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Golden Gate Ficus Care

 

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General Background:

There are over 600 species of Ficus, most of them tropical and evergreen. Ficus produces a unique "fruit" which is actually an inverted flower. Ficus is one of the most loved bonsai for many reasons. It is an excellent tree for beginners, as most species of Ficus are fast growers, tolerant of most any soil and light conditions, make fine indoor bonsai, and perhaps most importantly, are remarkably forgiving of those just learning bonsai watering techniques.

Trees Features:

Ficus are one of the best varieties of Bonsai trees for indoors. They're very easy to take care of and need little attention. In the ficus family, the Golden Gate variety is the best for growing indoors. The attractive gray trunk is thick and sturdy topped by small, dark green oval foliage.

Temperature:

Ficus bonsai do not like drafts making it important to avoid putting your Bonsai near a draft or vent, which dries out the foliage. Grafted Ficus trees are a warm weather loving plant and should come inside when the temperatures drop to the low 50's. Variations in temperature will increase leaf dropping.

Lighting:

Ficus trees will grow in low light but thrive in high light. Make sure not to expose your Ficus to direct afternoon sun in the summer. Ficus trees are great inside but appreciate being taken outside in the summer. As with any bonsai giving Ficus the maximum amount of light will help to keep them healthy and strong. Growing in dim light will result in leggy, weak, off color growth and disease prone plants, but of the Ficus varieties, The Golden Gate Ficus is most tolerant for growing in lower light conditions; that being said, low light does not mean poor light. When Ficus are grown indoors give them the most window light possible or augment with artificial light for 18 hours a day.

Watering:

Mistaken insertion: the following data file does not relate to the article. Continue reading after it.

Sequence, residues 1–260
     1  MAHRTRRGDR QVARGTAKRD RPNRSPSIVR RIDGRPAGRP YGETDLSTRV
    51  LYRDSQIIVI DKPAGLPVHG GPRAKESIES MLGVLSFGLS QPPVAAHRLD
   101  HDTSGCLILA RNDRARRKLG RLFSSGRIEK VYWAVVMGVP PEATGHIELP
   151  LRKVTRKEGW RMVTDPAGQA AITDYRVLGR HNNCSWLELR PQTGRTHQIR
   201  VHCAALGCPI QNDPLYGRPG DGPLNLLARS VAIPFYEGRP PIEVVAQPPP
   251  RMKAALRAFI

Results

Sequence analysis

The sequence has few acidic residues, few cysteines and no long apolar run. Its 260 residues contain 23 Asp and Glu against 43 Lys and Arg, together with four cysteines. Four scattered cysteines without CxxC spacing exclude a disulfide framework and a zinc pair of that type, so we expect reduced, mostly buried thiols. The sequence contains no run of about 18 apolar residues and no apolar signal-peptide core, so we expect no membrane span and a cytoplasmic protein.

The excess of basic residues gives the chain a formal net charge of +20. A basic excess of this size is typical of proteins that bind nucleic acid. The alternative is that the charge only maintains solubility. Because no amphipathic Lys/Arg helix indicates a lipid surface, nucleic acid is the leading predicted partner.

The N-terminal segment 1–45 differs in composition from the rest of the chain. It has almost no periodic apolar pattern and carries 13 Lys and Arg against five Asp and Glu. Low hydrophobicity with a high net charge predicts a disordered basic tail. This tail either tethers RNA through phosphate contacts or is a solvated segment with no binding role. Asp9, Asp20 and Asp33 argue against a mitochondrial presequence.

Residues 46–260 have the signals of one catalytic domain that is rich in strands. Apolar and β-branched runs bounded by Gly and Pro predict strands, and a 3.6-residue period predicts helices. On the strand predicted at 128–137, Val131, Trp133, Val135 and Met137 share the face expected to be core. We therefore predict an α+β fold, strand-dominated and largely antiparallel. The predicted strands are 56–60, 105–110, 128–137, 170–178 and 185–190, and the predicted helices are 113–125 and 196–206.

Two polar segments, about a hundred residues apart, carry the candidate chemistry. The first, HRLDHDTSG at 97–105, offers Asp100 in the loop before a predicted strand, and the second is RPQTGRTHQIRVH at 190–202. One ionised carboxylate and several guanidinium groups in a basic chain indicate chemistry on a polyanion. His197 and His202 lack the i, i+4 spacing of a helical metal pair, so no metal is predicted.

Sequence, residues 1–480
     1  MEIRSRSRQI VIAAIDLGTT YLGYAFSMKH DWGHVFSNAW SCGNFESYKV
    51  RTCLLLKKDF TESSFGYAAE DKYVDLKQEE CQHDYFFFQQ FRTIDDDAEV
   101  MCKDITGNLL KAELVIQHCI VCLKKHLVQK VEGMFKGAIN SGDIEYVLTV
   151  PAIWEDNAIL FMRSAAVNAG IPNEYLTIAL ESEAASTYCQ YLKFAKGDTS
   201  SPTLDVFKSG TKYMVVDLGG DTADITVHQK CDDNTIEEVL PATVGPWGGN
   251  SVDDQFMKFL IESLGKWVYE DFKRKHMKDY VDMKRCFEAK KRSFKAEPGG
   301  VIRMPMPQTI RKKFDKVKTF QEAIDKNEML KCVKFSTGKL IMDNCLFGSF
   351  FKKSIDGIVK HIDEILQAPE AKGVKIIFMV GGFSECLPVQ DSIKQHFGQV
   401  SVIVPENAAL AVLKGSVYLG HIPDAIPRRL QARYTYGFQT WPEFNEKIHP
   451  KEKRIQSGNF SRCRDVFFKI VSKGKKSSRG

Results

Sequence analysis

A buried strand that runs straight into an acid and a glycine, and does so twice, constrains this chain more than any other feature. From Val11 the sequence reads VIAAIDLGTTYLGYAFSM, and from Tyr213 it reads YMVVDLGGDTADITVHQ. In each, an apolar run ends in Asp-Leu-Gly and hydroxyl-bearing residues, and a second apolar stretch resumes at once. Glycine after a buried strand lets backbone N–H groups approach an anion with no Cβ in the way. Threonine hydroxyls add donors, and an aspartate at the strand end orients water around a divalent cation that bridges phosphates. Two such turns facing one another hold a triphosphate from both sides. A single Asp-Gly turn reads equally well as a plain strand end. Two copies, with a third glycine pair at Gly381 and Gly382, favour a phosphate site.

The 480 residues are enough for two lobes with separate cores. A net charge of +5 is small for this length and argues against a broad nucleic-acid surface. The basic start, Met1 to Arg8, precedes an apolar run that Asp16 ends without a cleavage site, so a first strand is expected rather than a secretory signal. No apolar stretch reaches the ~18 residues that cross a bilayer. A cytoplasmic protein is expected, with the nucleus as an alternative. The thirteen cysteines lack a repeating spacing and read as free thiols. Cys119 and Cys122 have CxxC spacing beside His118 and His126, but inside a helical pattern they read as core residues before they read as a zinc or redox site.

Keep your Ficus moderately wet; water your tree well in the summer and decrease watering in the winter letting it dry before watering again. Ficus are very tolerant of being over or under watered, which makes them ideal for beginners. A humidity tray is a great way to increase humidity. These shallow trays are filled with small stones and have water in the bottom of the tray. Make sure the water does not reach the bottom of the Bonsai pot to prevent root rot. As the water evaporates, it creates an appropriate level of humidity mimicking the Ficus Bonsai’s natural environment. 

Fertilizing:

Fertilize your Ficus Bonsai Every two weeks during the growing season and decrease in the winter. Make sure to fertilize only after a thorough watering of the soil. Reduce fertilization to once a month during the winter months when growth slows or stops. Ficus trees will respond almost immediately to fertilizing with beautiful new growth.

Pruning / Training:

Leaf pruning can be used to reduce leaf size. Prune back to 2-4 leaves after 6-10 leaves have grown. ; A total defoliation can be performed at the end of spring on healthy specimens. Watch out, a Ficus will bleed a milky latex profusely when it's pruned (They're in the rubber tree family). It can be messy but when the latex dries, it forms its own natural seal. Shape will be determined by the overall look that you want to achieve. Sit at eye level with your Bonsai tree and use Bonsai trimming shears. Allow shoots to extend 3 or 4 nodes then prune back to 1 or 2 leaves as required. Your cuts should be smooth or slightly concave so the wound will heal quickly. If the cut surface is brown, add pruning paint to the surface.